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Trade Secret Disputes: What Qualifies as a Trade Secret?

William B. Hanley Feb. 12, 2021

The formula for Coca-Cola is reportedly locked in a vault in the company’s headquarters in Atlanta, Georgia. Now, that makes it a trade secret, right?

Actually, trade secrets can be less zealously guarded than the Coke recipe but still qualify as protected assets.  Devices, software, algorithms, manufacturing techniques, customer lists, even recipes can be legally protected trade secrets in California, provided they meet certain criteria.

If you’re involved in a trade secret dispute and your business is located in or around Irvine or Newport Beach, California, contact William B. Hanley, Attorney at Law.

What Is a Trade Secret in the state of California?

Along with many states, California has adopted the Uniform Trade Secrets Act (UTSA), which was compiled by legal experts as a model code. The California version, adopted in 1984, contains its own unique aspects, but it largely follows the UTSA.

The California code starts by defining a trade secret as “information,” but qualifies this definition by specifying this information must be “a formula, pattern, compilation, program, device, method, technique, or process” that:

  • Derives independent economic value from not being generally known by others and is not reasonably and independently ascertainable by another party

  • Is the subject of “reasonable efforts” to maintain its secrecy

Note here the code’s use of the word “information.” Information by its very nature may be routinely used and accessible by a company’s employees and outside contractors, making it vulnerable to theft and disclosure for others’ benefit. Therefore, this information must be the focus of “reasonable efforts” to safeguard it to qualify as a trade secret.

Reasonable efforts must go beyond a mere desire to keep the information confidential, and following various court rulings, such efforts include one or more of the following:

  • Requiring employees to sign a confidentiality agreement

  • Advising employees of the trade secret’s existence and confidentiality

  • Limiting access to a need-to-know basis

  • Maintaining customer lists and other proprietary information in a secure database

  • Keeping the trade secret under lock and key (where possible)

Misappropriation of Trade Secrets

Rather than using the term “theft,” California law views the illicit acquisition, use, or disclosure of a trade secret as misappropriation. Illegal acquisition is by definition the obtaining of a trade secret through “improper means.”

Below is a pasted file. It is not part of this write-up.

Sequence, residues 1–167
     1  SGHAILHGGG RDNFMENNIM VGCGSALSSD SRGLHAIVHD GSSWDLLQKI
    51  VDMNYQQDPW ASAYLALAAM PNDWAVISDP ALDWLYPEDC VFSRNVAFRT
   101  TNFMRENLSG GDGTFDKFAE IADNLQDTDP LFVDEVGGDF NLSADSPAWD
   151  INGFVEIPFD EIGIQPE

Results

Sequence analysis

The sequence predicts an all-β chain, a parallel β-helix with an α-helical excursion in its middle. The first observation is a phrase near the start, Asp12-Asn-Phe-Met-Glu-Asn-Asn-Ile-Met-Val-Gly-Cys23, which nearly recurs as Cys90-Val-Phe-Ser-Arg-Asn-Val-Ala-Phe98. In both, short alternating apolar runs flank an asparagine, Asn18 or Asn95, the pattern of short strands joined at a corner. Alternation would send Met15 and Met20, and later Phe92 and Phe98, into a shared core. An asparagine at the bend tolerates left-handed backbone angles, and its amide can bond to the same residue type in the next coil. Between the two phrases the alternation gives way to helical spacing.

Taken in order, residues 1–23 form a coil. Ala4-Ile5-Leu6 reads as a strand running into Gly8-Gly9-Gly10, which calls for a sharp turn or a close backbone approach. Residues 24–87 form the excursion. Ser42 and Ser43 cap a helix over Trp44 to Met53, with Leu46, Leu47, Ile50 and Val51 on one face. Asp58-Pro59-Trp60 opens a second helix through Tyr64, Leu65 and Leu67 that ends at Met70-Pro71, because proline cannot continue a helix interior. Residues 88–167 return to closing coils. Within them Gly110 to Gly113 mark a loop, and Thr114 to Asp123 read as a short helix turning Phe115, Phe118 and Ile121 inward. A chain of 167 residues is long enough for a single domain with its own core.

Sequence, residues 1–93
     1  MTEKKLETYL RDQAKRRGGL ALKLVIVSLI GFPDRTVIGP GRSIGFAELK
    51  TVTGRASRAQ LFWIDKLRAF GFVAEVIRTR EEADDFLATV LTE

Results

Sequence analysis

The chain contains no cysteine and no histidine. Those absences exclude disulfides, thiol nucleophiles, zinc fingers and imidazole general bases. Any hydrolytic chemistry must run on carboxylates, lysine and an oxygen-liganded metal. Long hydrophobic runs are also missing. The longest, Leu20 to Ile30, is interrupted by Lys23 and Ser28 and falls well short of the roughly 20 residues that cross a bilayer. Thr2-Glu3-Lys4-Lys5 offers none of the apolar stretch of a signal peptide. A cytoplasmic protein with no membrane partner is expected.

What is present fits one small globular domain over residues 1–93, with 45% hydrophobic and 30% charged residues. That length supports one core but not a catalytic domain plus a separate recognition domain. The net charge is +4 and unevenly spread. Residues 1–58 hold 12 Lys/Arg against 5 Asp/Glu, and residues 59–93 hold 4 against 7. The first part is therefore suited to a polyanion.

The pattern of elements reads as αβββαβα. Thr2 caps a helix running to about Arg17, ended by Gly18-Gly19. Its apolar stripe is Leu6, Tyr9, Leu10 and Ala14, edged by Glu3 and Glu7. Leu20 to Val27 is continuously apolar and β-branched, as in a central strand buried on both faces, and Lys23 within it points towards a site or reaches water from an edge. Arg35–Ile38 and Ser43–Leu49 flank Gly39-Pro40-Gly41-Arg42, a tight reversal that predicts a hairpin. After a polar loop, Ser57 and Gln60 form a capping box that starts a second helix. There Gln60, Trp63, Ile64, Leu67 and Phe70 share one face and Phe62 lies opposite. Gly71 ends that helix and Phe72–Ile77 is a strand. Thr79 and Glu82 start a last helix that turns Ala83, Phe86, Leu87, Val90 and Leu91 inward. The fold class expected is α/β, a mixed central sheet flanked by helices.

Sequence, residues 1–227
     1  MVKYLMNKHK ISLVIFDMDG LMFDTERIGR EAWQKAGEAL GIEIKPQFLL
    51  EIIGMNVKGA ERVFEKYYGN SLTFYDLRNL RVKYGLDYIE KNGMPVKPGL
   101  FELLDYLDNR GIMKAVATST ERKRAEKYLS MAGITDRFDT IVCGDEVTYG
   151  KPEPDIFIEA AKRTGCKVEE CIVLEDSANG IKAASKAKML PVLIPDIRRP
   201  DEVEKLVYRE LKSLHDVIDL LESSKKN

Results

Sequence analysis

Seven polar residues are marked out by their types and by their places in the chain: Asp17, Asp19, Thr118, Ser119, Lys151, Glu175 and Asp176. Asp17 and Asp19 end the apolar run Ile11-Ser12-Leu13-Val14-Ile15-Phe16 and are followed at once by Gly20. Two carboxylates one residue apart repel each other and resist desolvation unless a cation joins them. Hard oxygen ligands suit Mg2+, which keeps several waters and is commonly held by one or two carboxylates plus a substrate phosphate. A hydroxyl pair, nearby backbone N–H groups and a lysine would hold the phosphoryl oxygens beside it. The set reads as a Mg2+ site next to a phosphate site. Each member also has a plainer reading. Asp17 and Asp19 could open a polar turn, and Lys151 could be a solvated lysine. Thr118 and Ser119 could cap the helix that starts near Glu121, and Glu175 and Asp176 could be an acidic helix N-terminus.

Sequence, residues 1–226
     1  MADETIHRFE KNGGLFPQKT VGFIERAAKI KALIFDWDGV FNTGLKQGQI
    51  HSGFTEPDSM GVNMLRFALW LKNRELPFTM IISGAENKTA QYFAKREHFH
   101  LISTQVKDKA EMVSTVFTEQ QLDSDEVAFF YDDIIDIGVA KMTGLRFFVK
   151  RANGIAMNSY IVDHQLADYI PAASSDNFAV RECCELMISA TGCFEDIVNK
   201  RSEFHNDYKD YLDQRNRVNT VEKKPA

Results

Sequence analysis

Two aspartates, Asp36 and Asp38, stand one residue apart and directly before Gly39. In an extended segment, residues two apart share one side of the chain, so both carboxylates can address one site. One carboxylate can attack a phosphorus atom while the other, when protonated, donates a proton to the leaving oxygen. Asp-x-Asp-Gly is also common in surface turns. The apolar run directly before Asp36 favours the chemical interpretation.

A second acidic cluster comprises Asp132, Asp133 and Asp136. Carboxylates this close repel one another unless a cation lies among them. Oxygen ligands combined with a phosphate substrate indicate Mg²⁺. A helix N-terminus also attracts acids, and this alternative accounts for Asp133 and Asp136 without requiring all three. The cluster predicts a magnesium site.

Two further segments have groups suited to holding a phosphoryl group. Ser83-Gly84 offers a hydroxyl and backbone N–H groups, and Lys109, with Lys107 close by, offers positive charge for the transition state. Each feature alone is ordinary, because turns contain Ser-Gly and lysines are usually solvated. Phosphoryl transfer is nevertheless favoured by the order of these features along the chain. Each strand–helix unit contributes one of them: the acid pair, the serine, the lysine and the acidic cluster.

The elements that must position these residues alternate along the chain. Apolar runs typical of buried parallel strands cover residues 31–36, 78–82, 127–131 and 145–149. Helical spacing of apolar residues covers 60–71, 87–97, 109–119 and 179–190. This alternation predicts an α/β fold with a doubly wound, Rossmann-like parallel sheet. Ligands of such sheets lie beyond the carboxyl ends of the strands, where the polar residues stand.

Under Civil Code Section 3426.1(a), improper means include "theft, bribery, misrepresentation, breach or inducement of a breach of duty to maintain secrecy or espionage through electronic or other means." Use and disclosure after the acquisition by improper means are also considered misappropriation.

Misappropriation by Former Employees

There’s an 80% chance that, if your company’s trade secret has been misappropriated, a former employee is somewhere in the chain of acquisition, use, and/or disclosure.

Departed employees charged with misappropriation have often argued that it is impossible to “wipe clean” their memories from employing the trade secret on their former job. They also have argued further that, by human nature, it is inevitable that a trade secret lodged in memory will be revealed. This has been termed the “inevitable disclosure doctrine.”

The California UTSA recognizes employees’ memories as depositories of trade secrets that can be misappropriated. Thus, both of the above arguments have been basically rendered null by the UTSA and subsequent court interpretations.

Penalties for Misappropriation

Under California law, a company cannot use another’s trade secret if it merely “has reason to know” that the material constitutes a trade secret. This is the principle known as constructive knowledge, as opposed to actual knowledge.

The usual penalty is an injunction to stop the use of the trade secret, though the injunction sometimes may include a provision to pay royalties based on the use of the trade secret. The plaintiff can also seek compensation for financial losses due to the misappropriation of their trade secret. In extreme cases, the court may also double the damages or make the trade secret violator pay attorneys’ fees.

How an Attorney Can Help

Unlike patents, trademarks, and copyrights, no government agency registers and protects trade secrets. That responsibility lies with the company that develops and employs the trade secret.

In a trade secret misappropriation lawsuit, the company with the trade secret can be challenged on different fronts. For instance, was the trade secret really that hard to duplicate on one’s own? Or, did the owner of the trade secret really make “reasonable efforts” to protect it?

Protecting a trade secret is a proactive process, especially since the California Court of Appeal ruled in 2018 that confidentiality and non-solicitation pacts between employer and employee are not enforceable. In the same case, AMN Healthcare, Inc. v. Aya Healthcare Services, Inc., the company’s customer list was also deemed not protectable as a trade secret because it was not maintained on a proprietary database.

Trade Secrets Attorney Serving Irvine, California

If your company is involved in a trade secret dispute in Irvine, or anywhere in Orange, Los Angeles, or San Diego counties, contact William B. Hanley, Attorney at Law. Attorney William B. Hanley has practiced business litigation law in California since 1974. He will meet with you, discuss all the details, and work with you on the best strategy going forward to stop trade secret misappropriation and pursue fair compensation.